Orelia’s unhappy utterance told her that was probably part of what she wanted to talk about. Was it her plans for the pirate society in general? Her working tangentially with Starfleet? The utter chaos that was the ensure? Guess she’d find out sooner or later.

She patted her cousin on the shoulder, taking a moment to admire her muscles, gym life and a couple of klingons agreeing with her, then made her way to Orin who was studying his scopes like a hawk. “Cousin dearest,” she spoke, grabbing onto his console as the ship jolted once more from the storm. “Anything in this storm isn’t our friend, understood?” She waited for his head nod, then a quick hand sign of ‘Shoot first’. “Ask questions later,” she finished, grinning. “When this is all over, I want to speak with you and your girlfriend. Got an offer to make to her.”

The look on his face as concentration was broken and he looked straight at her with wonder was adorable. “Don’t you dare tell her,” she scolded, as best she could at her favourite cousin. “No! I forbid you telling her.” He grinned, shook his head side to side as he thought about it, then nodded in agreement with her.

“Good, now, back to those monitors. Anything looks odd out there, full disruptors till it stops looking odd.”

It took a few hours and more than a few bumps and bruises from the entire crew before the Vondem Rose settled into a very low orbit of a terrestrial world further into the system. It had no atmosphere worth mentioning but an incredibly large and active iron-nickel core, giving it an especially active magnetosphere. Not enough to completely deter the ion storm, but enough to allow the Rose to settle, lower her shields to let strained emitters recharge and more importantly not upset the galley staff while Kevak cooked hot meals for the whole crew.

And of course, meant that Orelia was able to drag Sidda off the bridge for a one on one. The conference room was free and nearby and so far, still a damn site cosier than Sidda’s ready room. Renovation budgets only go so far and it’s not like she used it very often anyway.

She settled into her chair and just waved to all the others for Orelia to take her pick, who opted to sit at her left as close as possible. “What the fuck is going on?”

She just blinked a few times at her XO, then tilted her head sideways. “About what?”

“I get the plan was to kidnap LPK, steal his loot too, but then you let the one guy who can rally that pack of bastards live. Goddess Sid, you could have shot him, waltzed off that station and they’d all still be playing at the tables till the storm passed.” Orelia’s right hand came down, finger jamming into the table. “We’d have slipped away unharmed, chaos on the station would ensue and they’d all be slaughtering each other since they couldn’t run away, trying to climb to the top of a pile of bodies.”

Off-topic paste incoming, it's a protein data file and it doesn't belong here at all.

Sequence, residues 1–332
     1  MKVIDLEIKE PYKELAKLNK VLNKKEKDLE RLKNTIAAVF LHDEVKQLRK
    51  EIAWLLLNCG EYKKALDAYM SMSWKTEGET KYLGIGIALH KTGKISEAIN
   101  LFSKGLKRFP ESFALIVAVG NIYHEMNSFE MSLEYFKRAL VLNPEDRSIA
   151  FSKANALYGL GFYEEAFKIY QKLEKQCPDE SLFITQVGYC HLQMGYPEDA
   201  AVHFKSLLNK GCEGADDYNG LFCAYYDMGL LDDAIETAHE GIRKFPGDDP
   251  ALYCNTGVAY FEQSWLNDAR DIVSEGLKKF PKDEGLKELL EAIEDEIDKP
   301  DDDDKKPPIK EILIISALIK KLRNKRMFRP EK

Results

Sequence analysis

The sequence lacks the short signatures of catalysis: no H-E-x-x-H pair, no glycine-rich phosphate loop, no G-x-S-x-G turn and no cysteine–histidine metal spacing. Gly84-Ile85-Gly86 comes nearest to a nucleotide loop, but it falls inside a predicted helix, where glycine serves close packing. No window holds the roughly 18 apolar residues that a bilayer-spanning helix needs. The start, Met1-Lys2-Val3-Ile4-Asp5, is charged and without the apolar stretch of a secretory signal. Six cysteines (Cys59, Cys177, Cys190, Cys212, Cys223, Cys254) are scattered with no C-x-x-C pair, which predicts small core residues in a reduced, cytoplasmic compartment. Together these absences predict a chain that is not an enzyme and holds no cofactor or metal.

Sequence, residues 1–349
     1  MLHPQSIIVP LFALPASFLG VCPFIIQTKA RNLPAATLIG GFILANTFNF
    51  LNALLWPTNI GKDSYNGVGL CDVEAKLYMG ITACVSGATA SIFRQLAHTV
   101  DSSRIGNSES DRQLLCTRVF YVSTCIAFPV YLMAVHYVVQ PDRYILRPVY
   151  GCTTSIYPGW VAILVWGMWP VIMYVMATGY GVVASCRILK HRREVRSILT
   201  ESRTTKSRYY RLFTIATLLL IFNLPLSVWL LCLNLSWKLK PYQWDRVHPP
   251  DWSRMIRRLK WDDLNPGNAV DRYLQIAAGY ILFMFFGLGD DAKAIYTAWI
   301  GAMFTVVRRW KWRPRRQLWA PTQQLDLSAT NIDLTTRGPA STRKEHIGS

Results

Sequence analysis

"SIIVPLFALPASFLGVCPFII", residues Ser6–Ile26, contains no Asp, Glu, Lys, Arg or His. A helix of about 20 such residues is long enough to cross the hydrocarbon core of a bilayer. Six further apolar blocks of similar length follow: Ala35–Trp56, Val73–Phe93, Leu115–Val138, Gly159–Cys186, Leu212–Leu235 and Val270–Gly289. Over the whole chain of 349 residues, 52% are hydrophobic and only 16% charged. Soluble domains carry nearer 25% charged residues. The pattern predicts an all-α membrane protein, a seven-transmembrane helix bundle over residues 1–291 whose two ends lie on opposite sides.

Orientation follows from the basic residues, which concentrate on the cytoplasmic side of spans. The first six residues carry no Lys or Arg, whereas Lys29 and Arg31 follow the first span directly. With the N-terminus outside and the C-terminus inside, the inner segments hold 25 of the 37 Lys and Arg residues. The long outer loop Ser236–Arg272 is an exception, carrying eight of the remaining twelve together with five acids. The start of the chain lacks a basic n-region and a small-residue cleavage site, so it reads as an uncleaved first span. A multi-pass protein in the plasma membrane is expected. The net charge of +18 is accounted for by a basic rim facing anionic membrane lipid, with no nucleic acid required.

“Or,” she started, then stopped, eyes glancing to the trophy wall for a moment. “Or, I wasn’t out to get just get that pack of idiots back there, I’m trying to upset the entire criminal establishment in the sector here. The storm will pass, they’ll all go back to their holds, talk to those who weren’t here.”

“Exactly, then everyone in the sector will be after us. Not just them.” Orelia’s agitation was clear in her voice.

“Then we head back to the Archanis sector for a while. But think about it, once news of LPK in Federation custody breaks, what do you think will happen?”

“They’ll turn on…fuck me.” Orelia stopped, eyes going to the windows looking outside for a moment. “They’ll turn on Royal Station, but not as a whole, each either vying for the job or forming little fleets to get one of their own on top. They’ll pick each other off too.”

“Yup, then Starfleet will notice and step in. They’ll even find Royal Station once we tell them where it is, hiding in a magnetic eddy. And all the while, too busy to come after us. And those that do, well, we have a legitimate warship.”

Orelia’s grin was all-encompassing, her head nodding as she realised the chaos that Sidda was hoping for. “This all assumes the plan works.”

“Naturally.”

“Fuck bitch, you sure you’re not Starfleet Intelligence, or Tal Shiar, with a plan like this? Going pirate hunting, letting those same pirates do all the hard work for you before letting someone swoop in and clean up?”

“Take that back,” Sidda growled, but only able to hold it for a brief moment. “Could you imagine me in a uniform?”

“Don’t have to remember?” Orelia turned to point at the trophy wall, the picture of the USS Vondem on the wall, the stolen communicator with it too. “Damn that was a mind fuck.”

“Yah…” she agreed, trailing off.

They sat in silence for a few moments before being interrupted by a klaxon, one of the truly annoying, attention-grabbing klingon alarms. “Defence condition one,” a surly klingon voice announced for the crew before the klaxon resumed blaring.

“Fucking pirates,” Sidda said with a sigh.

“No argument here,” Orelia voiced as they both raced for the bridge.